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whipdancer last won the day on April 15 2019

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  1. I had Ubiquiti (technically still have the EdgeRouter X and 2x Unifi AP-AC-Lite). I switched to 2x Aruba Instant On and use an old PC for PFSense. I felt like the Aruba were easier to configure, but not a lot. If it wasn't for power-outages, I think this setup would have uptime measured in years at this point. Not that UBN wouldn't, it's that I ran Unfi controller docker on my unraid and if power was out I couldn't make updates to my router or my AP's to switch my source. My pfsense box and 1 Aruba AP will run for almost an hour on the UPS I use for them, so I haven't run into that problem again since I switched. I've also learned that the AC Lites were updated in the years after I bought them, so that they can be configured individually in a manner similar to the Aruba's (the Unifi Controller software is no longer required for setting them up).
  2. I have no idea. I use glacier at work. Don't use anything like it at home. My critical data fits on a single 10TB drive. My family photos are synced between iCloud and my unraid server (so 2 copies of everything). I'll probably add a dedicated back for it as well, but I've been able to recover from our mistakes so far. The remaining 70TB of data on my server is replaceable. it would be a pain in the ass, but it is replaceable.
  3. Have you looked at AWS Glacier? And realistically, how many TB are critical data (you could not replace it)? Cheaper to buy 10/12/16TB externals if you are disciplined enough to manage it.
  4. I don't care whether it is an enterprise drive or not. I've had consumer drives give me 40k hours of service and are now another 5k or 6k beyond that in a friends NAS (IIRC my oldest drive was a consumer drive with 59k hours when it died). My server Tower is in my office and sounds like a relatively quiet desk fan. I certainly can hear it when everything spins up though. I don't have any extra cooling in my case. I did upgrade to some better quality fans to minimize the noise. My SSD drives report getting hot whenever I'm copy a bunch of stuff onto them (400 - 900GB will take long enough to raise their temps). I have a couple of drives that seem to routinely report a high temp, but it always seem to come back to normal pretty quickly. Basically, you can here my server when it's running, but it doesn't stand out from the environmental noise that is present in the room I use as my office - off the kitchen and utility room - so dishwasher, washing machine, dryer, sous vide circulator, oscillating fan - something is always running.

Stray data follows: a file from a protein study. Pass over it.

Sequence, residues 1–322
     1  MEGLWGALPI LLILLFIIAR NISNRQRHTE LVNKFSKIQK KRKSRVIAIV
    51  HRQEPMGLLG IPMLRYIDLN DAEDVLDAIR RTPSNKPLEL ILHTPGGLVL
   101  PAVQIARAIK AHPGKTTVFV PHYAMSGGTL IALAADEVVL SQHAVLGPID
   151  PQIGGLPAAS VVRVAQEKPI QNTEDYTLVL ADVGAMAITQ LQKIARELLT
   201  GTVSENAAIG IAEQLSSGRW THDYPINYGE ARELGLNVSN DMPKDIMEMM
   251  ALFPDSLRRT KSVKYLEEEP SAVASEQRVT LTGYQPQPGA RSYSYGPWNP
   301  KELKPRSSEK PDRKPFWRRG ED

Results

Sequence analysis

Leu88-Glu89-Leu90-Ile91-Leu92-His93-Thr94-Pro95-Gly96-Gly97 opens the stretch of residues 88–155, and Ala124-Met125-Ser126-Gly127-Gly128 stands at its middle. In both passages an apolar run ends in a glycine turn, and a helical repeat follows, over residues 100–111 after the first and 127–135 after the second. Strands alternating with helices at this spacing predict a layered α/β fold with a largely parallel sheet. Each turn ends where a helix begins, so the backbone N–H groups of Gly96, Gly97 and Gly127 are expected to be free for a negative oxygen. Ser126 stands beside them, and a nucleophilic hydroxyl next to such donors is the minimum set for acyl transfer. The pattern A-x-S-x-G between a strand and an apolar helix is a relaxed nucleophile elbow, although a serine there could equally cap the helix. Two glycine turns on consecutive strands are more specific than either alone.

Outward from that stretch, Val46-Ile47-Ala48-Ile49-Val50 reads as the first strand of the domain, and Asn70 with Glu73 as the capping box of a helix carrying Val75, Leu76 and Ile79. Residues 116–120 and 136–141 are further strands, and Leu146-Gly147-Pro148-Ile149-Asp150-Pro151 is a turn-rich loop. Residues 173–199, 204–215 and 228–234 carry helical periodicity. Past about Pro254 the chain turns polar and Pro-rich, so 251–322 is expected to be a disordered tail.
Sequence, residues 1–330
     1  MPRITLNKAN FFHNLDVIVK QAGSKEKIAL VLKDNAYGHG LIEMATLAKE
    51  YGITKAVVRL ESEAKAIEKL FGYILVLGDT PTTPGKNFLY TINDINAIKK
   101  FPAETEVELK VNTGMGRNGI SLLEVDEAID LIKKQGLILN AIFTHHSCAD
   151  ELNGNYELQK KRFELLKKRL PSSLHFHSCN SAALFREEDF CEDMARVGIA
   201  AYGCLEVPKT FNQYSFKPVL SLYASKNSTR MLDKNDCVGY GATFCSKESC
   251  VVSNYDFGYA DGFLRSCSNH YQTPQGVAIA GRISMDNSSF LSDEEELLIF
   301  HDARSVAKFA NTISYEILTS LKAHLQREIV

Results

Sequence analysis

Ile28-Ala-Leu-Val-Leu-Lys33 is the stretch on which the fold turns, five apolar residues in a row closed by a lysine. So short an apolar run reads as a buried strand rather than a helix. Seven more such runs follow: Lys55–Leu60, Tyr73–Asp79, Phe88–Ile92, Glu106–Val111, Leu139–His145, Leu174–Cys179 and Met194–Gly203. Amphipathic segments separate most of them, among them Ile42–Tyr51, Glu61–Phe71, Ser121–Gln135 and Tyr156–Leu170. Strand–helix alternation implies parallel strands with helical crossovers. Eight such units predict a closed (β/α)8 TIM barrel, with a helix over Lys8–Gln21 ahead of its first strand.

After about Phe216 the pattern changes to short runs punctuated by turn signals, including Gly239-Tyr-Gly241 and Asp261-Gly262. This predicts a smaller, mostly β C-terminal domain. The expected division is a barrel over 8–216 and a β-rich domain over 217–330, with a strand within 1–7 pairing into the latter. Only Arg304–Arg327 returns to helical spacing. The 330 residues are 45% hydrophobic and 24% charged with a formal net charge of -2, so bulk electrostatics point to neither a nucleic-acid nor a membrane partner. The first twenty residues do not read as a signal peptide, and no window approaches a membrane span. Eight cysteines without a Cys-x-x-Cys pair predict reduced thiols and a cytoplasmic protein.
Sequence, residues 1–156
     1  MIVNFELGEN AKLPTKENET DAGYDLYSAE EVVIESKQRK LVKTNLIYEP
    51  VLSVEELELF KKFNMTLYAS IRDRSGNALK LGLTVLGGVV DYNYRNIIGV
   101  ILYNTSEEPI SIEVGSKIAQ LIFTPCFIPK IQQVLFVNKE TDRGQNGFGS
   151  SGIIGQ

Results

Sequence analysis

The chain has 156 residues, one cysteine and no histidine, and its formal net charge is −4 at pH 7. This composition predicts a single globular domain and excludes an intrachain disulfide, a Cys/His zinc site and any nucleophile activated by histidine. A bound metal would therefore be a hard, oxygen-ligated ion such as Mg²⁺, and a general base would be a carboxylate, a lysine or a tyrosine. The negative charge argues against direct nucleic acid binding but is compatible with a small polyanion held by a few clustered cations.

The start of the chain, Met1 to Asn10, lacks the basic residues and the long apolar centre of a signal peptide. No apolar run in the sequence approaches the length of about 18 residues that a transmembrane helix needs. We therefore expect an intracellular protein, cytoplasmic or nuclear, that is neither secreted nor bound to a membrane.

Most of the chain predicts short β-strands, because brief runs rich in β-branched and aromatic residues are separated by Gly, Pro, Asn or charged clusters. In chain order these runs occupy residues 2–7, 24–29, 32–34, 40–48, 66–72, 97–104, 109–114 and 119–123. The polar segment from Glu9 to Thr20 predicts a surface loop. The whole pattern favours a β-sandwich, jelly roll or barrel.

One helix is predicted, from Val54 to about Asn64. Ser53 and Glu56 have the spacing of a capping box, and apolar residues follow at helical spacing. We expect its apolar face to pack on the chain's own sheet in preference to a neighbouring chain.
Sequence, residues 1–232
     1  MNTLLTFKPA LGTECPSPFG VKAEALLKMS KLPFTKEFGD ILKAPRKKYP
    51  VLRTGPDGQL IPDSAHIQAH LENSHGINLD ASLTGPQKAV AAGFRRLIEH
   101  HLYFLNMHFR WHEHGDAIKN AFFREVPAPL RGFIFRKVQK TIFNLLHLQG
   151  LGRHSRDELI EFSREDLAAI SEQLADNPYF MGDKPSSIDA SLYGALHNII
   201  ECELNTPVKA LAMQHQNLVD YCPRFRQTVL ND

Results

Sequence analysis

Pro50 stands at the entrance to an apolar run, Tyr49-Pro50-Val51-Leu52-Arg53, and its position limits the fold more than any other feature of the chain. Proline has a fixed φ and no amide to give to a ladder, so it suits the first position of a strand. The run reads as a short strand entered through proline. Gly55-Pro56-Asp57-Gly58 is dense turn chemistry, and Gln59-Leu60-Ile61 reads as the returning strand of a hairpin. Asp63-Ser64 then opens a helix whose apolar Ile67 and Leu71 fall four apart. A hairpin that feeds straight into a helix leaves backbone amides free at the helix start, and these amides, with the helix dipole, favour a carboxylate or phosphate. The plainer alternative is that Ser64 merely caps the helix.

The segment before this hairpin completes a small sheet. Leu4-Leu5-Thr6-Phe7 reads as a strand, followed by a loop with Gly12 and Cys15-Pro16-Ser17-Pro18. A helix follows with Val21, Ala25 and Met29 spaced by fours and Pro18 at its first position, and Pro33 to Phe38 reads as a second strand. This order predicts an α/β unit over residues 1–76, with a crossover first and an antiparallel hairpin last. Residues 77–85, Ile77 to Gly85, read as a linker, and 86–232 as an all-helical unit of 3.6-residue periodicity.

5. IMO WD <Color> <anything> is currently overpriced. The exception probably being Blue drives which have slower RPM and smaller cache and don't come in a size I'd consider for data storage - but otherwise, attributes that make very little difference in Unraid in my limited, strictly anecdotal, experience. I'm curious if those price trends are recent and/or more indicative of Toshiba, than of general pricing strategies. I know that 12TB Iron Wolf, RED Pro, Exos, Iron Wolf Pro, Red+, Toshiba NAS were all over $360-ish when I was looking last summer. Technically, each of those models is targeted toward a different market, but that does not factor in to my purchases (which is why I bought the enterprise drives I did, when i did - strictly $/TB). Nostalgically speaking, what I wouldn't give for some WD Green 18TB drives. My green drives all gave me better than 40k hours of service before I retired them. 4 of them now live in a friends QNAP (or whatever) NAS.